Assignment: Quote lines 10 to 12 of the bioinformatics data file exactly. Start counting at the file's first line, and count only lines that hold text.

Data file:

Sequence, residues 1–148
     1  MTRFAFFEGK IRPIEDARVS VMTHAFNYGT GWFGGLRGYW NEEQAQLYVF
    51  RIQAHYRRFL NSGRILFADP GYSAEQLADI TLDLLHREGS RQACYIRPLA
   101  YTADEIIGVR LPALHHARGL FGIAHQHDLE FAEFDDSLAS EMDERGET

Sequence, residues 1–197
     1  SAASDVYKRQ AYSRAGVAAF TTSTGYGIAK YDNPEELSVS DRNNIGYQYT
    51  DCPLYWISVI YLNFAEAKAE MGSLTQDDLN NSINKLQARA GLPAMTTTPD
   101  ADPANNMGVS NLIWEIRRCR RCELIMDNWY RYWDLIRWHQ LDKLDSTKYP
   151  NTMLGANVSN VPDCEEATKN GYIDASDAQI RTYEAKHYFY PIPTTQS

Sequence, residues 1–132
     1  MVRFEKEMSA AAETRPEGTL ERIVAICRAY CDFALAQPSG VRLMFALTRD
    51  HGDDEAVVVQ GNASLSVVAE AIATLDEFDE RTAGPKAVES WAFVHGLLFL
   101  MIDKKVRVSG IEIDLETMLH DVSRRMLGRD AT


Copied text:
Sequence, residues 1–132
     1  MVRFEKEMSA AAETRPEGTL ERIVAICRAY CDFALAQPSG VRLMFALTRD
    51  HGDDEAVVVQ GNASLSVVAE AIATLDEFDE RTAGPKAVES WAFVHGLLFL